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Leadership and Management for Equity and Inclusion

  • Workshop Session A (Thursday, December 8 10:15-11:30 AM)
    • “We Want to Hire Leaders of Color — There Just Aren’t Any Candidates!” (Actually, There Are) Part 1


      This workshop starts with a question: Why are leaders of color vital to our schools? Once we have a shared understanding of why, we will explore what responsibilities and opportunities exist to cultivate leaders of color. We will also identify effective practices to create community and institutional structures where leaders of color thrive. The presenters will share their own experiences, including their co-facilitation of professional learning communities for leaders of color. You can then reflect on your experiences, learn from colleagues, and draw on current research. You’ll identify systemic frameworks and implementable actions for cultivating, not just caring about, leadership of color in your school.
      Presented ByAlison Park, Blink Consulting; Steve Morris and Percy Abram, The Bush School
    • Murphy‘s Law: The Realities of Your First Year in School Leadership


      Many educators who aspire to leadership roles believe their teaching experience is preparation enough. But on top of the multifaceted educational responsibilities that come with leadership,  unexpected situations with students, faculty, and governance bodies are inescapable. Increased accountability to parents has also magnified the need for a broader skill set. This session will investigate the cultural dynamics that affect leaders of color; guide you through a personal skills inventory and case study debriefs; and let you role-play scenarios to analyze the process of managing the challenging situations newly appointed school leaders face.
      Presented BySean Hamer and Byron Davis, Germantown Friends School (PA)
  • Workshop Session B (Thursday, December 8 3:30-4:45 PM)
    • “We Want to Hire Leaders of Color—There Just Aren’t Any Candidates!” (Actually, There Are) PART Two


      Part two of this workshop will continue the conversation about hiring leaders of color in independent schools.
      Presented ByAlison Park, Blink Consulting; Steve Morris and Percy Abram, The Bush School
    • Auxiliary Workers: Portraits of Micro-aggressions Faced by Invisible Teachers and Their Work in Independent Schools


      Independent schools often subtly exclude auxiliary workers by virtue of the design and limitations of their work. A school community may routinely overlook their overall contributions, talents, and stories for reasons that are varied and complex. This workshop is designed to encourage you to examine and assess your school’s community and culture regarding auxiliary workers. You will gain new insight for multicultural education, curriculum development, community building, and school leadership.
      Presented ByFrancoise Saint-Clair, The School At Columbia University (NY)
    • Examining School Discipline Data Through the Lens of Implicit Bias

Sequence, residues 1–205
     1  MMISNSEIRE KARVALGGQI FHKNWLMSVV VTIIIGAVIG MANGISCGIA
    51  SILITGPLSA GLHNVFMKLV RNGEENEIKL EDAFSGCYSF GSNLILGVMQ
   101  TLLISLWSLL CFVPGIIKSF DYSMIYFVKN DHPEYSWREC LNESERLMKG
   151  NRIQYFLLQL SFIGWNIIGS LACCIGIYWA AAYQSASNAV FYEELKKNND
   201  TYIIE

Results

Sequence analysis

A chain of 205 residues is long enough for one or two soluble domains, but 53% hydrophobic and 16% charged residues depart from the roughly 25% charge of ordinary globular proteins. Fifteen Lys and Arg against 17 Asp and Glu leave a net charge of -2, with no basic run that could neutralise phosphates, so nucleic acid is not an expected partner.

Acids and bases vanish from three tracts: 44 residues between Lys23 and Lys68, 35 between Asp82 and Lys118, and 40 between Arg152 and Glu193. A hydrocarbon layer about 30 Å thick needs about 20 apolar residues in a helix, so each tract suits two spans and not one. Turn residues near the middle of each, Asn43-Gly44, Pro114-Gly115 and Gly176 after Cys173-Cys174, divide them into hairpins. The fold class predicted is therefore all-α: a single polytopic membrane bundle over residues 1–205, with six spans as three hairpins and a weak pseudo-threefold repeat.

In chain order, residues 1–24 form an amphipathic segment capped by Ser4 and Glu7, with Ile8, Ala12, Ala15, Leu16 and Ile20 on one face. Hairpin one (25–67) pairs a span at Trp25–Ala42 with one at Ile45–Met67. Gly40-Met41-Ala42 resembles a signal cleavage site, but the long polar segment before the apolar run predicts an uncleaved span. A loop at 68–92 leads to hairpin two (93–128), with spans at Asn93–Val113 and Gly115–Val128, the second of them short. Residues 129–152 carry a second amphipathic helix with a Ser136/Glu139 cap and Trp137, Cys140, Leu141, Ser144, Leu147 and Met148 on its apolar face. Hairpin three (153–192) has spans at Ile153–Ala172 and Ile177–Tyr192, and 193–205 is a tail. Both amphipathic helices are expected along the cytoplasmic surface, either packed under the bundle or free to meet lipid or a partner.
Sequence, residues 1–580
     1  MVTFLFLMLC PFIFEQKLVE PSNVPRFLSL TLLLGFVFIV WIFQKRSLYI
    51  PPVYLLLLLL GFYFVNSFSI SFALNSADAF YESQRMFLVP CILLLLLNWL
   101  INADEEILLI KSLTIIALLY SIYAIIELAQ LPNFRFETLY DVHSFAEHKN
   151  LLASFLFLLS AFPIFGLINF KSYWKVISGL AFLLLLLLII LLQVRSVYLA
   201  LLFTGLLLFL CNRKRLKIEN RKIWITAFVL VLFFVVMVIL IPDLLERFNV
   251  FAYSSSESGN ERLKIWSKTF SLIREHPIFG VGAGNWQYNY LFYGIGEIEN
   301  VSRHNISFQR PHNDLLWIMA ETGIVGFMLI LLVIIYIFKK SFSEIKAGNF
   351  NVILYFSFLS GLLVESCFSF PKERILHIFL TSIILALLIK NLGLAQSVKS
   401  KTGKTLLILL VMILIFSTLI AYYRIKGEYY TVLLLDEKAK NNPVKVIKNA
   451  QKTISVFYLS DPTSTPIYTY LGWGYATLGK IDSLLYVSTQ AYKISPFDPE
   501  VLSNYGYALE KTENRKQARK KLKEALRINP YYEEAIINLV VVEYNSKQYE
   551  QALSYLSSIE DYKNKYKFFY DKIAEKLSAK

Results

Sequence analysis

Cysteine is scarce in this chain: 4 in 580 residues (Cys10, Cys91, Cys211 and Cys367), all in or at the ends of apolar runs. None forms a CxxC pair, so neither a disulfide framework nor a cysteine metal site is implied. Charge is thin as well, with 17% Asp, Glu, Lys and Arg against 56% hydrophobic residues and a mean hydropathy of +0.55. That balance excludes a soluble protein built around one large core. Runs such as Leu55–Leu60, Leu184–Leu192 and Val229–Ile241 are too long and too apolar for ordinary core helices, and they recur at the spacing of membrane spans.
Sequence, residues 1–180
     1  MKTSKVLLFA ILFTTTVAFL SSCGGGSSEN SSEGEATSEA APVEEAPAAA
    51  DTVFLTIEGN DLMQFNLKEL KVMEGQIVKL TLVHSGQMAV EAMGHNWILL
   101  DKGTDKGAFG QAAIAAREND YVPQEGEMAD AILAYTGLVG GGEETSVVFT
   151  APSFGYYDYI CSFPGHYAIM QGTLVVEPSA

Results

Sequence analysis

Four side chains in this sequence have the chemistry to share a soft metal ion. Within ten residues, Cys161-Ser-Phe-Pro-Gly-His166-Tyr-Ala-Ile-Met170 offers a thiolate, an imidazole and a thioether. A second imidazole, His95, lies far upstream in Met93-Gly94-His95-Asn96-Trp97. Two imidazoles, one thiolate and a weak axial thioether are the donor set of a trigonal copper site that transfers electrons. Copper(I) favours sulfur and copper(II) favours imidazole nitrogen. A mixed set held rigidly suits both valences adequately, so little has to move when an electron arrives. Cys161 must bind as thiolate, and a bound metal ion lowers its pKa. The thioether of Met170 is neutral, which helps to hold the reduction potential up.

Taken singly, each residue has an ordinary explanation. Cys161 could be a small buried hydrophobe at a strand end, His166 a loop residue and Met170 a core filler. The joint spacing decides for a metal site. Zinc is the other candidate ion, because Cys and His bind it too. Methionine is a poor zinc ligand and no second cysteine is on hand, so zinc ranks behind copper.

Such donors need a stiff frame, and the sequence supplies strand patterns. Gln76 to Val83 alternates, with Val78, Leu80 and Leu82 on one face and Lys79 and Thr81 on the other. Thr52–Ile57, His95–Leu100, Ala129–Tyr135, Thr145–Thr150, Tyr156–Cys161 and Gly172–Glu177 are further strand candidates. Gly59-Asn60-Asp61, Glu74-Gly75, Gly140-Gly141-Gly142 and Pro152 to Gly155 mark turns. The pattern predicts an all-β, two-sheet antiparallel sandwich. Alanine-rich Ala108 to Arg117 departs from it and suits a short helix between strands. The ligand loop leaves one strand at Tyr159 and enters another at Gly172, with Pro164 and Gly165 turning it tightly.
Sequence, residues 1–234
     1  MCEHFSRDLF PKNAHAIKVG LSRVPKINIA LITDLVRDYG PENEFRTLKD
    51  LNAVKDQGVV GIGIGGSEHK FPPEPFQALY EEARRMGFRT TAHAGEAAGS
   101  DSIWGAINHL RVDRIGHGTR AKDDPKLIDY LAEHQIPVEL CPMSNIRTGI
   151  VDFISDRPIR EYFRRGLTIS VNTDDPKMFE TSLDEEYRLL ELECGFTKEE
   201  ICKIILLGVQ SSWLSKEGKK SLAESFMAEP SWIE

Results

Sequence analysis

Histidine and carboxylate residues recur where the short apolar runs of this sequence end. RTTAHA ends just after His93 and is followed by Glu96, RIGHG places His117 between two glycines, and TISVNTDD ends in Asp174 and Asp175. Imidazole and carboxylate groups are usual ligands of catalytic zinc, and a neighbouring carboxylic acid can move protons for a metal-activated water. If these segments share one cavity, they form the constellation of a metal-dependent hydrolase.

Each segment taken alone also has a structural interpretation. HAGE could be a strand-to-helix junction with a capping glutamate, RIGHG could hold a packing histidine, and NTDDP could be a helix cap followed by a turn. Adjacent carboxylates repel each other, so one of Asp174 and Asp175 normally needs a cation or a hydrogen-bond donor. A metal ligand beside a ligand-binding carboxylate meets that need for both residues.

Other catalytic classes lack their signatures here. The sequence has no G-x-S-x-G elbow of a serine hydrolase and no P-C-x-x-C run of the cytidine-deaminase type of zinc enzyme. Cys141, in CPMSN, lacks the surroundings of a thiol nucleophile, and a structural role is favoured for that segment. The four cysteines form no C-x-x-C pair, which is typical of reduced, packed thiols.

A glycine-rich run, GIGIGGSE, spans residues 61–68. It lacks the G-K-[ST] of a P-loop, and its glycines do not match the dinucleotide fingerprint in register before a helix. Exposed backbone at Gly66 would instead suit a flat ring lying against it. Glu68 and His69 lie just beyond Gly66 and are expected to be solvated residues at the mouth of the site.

This interactive workshop will encourage you to understand how to uncover implicit biases in your data-collection processes. You will role-play conversations with faculty around implicit bias, and you’ll also discuss real scenarios and ways to interrupt bias by establishing authentic relationships.
      Presented By Khadija Fredericks and Christine Fairless, St. Paul's Episcopal School (CA)
    • Headed to the Top: New Study Reveals Ways to Increase Opportunity for People of Color and Women in NAIS Member Schools


      ​How can school leaders and search firms ensure that candidates of color and women have equal opportunities to reach the top roles in independent schools?  What recruiting dynamics help or hinder? What qualifications, levels of interest, barriers, and motivators exist among these aspiring leaders? Recent NAIS statistics show that just 7 percent of school heads are educators of color and only one-third are white women. Gain insight into the root causes of these disparities from a new NAIS study of search firms, search committees, and potential candidates. NAIS staff will share findings about the recruitment and selection process, the aspirations of people of color and women, and these candidates’ backgrounds and career paths. You’ll also hear strategies to ensure that your school’s next head search offers all candidates an equal and unbiased opportunity.  
      Presented By​Amada Torres and Caroline Blackwell, NAIS
    • Relational Trust: Social Capital for Engaging Civil and Human Rights Work in Independent Schools


      This workshop draws from a doctoral study of how four heads of independent schools built and leveraged relational trust with students, parents, and colleagues in their first year of school leadership. Although relational trust has been studied in public schools as an organizational dynamic, there is little empirical research on relational trust as a leadership trait, particularly for independent school leaders and teachers. This session will introduce you to this critical concept and engage you in strategizing unique new ways to increase your effectiveness as a leader.
      Presented By Gene Batiste, Gene Batiste Consulting
    • Strategies for Strengthening Self-Efficacy in African-American Male Teachers